Four genetic mutations have been linked to progressive multifocal leukoencephalopathy (PML), a rare but sometimes fatal brain infection that can be provoked by dozens of FDA-approved drugs.
Image Credit: Orawan Pattarawimonchai/Shutterstock.com
The study, which was published in Frontiers in Neurology on December 14th, 2022, will allow clinicians to filter out people who are at high risk of developing PML.
The study discovered that possessing one of four genetic variations increased the incidence of PML 8.7 times in those taking PML-inducing drugs. The risk was 33-fold higher due to one of the variants.
Eight medications bear a Black Box Warning for PML, the FDA’s severe warning. Other PML warnings are included on over 30 other drugs. Patients taking more than 75 different medications have collectively reported incidences of PML to the FDA. Many of the most successful treatments for multiple sclerosis (MS), blood cancers, rheumatoid arthritis, Crohn’s disease, and organ transplant rejection are included on the list.
PML is caused by the JC virus (JCV), a virus that affects up to 80% of the population. PML develops when the virus reactivates and targets the brain, resulting in potentially fatal consequences. Scientists have long sought to understand why the virus causes PML in some individuals but not others.
The researchers initially established that four genetic variants were considerably more common in drug-induced PML patients than in the general population. They next sought these variants in the ideal control group, which included MS patients who carried JCV and had been using a high-risk medication for years but had not developed PML. When compared to these matched controls, the results were even more impressive.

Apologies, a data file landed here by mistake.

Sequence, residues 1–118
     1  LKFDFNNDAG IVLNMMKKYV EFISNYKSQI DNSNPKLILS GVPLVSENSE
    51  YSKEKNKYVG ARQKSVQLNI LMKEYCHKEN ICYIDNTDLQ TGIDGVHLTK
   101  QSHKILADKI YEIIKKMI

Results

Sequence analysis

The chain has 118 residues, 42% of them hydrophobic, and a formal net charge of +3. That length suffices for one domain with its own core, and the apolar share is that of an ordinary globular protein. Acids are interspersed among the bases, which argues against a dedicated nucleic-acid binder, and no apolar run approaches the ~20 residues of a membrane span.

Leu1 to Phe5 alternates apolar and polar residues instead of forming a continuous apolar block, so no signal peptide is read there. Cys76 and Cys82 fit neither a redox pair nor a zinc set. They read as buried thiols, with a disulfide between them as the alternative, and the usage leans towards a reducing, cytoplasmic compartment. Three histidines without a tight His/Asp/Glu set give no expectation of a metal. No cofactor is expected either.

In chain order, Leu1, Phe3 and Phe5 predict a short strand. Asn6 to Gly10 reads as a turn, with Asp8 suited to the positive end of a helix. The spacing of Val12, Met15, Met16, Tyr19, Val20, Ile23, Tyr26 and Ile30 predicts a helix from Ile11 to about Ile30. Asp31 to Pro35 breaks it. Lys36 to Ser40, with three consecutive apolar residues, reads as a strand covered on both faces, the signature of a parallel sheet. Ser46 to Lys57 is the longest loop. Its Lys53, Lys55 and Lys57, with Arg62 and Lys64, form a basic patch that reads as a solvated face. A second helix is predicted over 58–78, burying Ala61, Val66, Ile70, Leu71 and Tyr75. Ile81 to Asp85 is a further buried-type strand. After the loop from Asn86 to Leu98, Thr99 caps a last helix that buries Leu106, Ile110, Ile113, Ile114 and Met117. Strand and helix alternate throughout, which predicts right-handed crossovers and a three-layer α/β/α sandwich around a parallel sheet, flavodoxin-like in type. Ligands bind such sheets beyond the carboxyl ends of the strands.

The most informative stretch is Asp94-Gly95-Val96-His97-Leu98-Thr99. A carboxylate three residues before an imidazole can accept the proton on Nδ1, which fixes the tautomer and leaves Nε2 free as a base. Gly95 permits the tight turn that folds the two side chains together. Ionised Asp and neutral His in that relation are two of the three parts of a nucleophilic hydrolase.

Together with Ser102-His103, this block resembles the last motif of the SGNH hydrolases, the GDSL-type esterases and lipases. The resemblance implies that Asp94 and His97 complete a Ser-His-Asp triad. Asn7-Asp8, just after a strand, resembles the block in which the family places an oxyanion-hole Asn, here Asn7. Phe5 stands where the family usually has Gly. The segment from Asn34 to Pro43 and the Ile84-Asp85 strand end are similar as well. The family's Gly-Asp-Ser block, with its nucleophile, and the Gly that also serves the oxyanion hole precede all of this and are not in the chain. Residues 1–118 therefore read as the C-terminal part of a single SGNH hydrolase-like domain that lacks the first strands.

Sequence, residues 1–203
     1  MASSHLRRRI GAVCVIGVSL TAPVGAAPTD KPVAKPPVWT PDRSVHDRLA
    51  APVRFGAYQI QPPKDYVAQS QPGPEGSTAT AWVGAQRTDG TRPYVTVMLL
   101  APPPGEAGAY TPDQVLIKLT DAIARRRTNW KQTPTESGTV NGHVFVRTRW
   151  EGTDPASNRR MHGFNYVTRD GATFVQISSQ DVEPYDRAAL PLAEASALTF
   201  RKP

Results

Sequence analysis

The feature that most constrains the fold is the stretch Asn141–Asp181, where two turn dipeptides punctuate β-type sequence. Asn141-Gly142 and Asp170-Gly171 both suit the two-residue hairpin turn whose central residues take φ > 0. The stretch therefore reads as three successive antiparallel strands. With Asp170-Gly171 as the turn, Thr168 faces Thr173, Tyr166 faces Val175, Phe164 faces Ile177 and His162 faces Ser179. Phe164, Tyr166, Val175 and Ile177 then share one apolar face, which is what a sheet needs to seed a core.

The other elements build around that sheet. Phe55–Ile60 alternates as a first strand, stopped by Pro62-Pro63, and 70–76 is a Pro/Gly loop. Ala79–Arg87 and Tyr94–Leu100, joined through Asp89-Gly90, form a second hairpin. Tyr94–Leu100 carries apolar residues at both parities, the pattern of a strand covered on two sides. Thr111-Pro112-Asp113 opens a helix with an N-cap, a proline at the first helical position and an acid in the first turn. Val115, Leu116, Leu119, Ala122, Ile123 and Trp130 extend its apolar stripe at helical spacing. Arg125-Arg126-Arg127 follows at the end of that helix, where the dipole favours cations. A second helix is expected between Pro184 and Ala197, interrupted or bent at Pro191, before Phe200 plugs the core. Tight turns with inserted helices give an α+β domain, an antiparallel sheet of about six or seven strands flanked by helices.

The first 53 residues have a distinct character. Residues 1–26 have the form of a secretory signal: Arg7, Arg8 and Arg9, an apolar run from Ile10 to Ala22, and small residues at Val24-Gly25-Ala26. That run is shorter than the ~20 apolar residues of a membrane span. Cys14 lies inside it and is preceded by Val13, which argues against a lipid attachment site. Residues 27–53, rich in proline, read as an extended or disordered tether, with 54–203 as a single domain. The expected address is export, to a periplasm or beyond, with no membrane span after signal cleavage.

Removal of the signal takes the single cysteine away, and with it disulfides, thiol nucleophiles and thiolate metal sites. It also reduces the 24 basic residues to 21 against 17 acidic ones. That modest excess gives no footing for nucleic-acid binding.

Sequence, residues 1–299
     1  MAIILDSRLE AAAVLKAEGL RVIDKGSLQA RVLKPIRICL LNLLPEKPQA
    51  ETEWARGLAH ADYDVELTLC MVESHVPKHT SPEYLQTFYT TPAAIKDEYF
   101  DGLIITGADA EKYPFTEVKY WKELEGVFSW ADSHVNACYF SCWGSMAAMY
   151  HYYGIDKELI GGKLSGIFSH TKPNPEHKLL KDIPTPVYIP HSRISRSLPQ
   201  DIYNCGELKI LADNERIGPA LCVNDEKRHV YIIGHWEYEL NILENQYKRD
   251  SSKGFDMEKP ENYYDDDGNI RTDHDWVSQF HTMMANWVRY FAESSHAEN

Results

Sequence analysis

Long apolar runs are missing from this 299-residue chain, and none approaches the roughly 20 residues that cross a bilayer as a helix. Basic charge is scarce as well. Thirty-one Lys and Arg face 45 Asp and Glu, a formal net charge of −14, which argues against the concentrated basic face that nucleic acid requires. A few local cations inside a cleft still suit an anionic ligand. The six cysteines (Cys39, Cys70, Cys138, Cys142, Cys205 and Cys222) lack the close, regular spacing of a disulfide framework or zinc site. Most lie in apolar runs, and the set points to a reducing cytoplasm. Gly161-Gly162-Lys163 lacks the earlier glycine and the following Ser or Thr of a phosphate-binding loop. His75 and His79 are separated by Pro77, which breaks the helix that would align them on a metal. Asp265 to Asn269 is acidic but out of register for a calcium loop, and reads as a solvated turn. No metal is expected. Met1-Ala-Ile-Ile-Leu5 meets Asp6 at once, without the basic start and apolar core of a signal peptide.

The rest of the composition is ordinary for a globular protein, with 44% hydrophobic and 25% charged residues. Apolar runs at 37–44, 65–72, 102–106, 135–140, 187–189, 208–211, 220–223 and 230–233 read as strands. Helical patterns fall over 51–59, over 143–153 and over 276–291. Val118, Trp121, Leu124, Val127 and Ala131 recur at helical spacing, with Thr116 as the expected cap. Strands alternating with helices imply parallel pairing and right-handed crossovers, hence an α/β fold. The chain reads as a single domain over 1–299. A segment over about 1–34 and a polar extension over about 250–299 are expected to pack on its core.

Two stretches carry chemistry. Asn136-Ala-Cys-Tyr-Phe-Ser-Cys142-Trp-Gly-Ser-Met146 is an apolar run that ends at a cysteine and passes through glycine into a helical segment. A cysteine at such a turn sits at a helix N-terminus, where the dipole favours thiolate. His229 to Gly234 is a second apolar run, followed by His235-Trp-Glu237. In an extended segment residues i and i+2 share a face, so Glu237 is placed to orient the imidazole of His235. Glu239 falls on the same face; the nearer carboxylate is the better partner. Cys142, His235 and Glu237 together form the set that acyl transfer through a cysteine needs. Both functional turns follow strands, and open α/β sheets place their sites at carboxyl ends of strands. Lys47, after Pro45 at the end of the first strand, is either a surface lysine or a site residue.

Almost 11% of PML patients tested positive for at least one of the four variants. To put this finding in focus, these variants account for a greater proportion of PML instances than the well-known BRCA mutations account for in breast cancer cases. Furthermore, their predictive value exceeds levels that have prompted the FDA to mandate genetic screening for other potentially dangerous medicines.
As more immunosuppressive therapies are developed, the incidence of drug-induced PML is increasing. More than 500 instances were reported to the FDA’s adverse event reporting system in 2021. These drugs are widely prescribed: almost 1 million people in the United States have MS, another 1.5 million have blood malignancies that are regularly treated with PML-inducing treatments, and 850,000 Americans have received organ transplants.
It’s critical to be able to identify genetic mutations that greatly increase a person’s risk of this devastating infection. Preventative screening for these variants should become part of the standard of care. I wish we had more powerful tools like this for other therapies.”
Dr Lawrence Steinman, Professor, Neurology and Neurological Sciences, Pediatrics, and Genetics, Stanford University
Tysabri, a strong MS treatment developed in his lab, was temporarily pulled from the market due to PML and currently carries a Black Box Warning. Dr Steinman is not affiliated with this study.
Determining genetic susceptibility to PML is an extremely promising method of reducing disease risk. A simple inexpensive test may prove revolutionary in this regard.”
Dr Joseph Berger, Chief, Multiple Sclerosis, University of Pennsylvania Perelman School of Medicine
Dr Joseph Berger is also an independent PML expert and lead author for the American Academy of Neurology’s PML Guidelines Committee.
Hatchwell, E., et al. (2022) Progressive multifocal leukoencephalopathy genetic risk variants for pharmacovigilance of immunosuppressant therapies. Frontiers in Neurology. doi.org/10.3389/fneur.2022.1016377.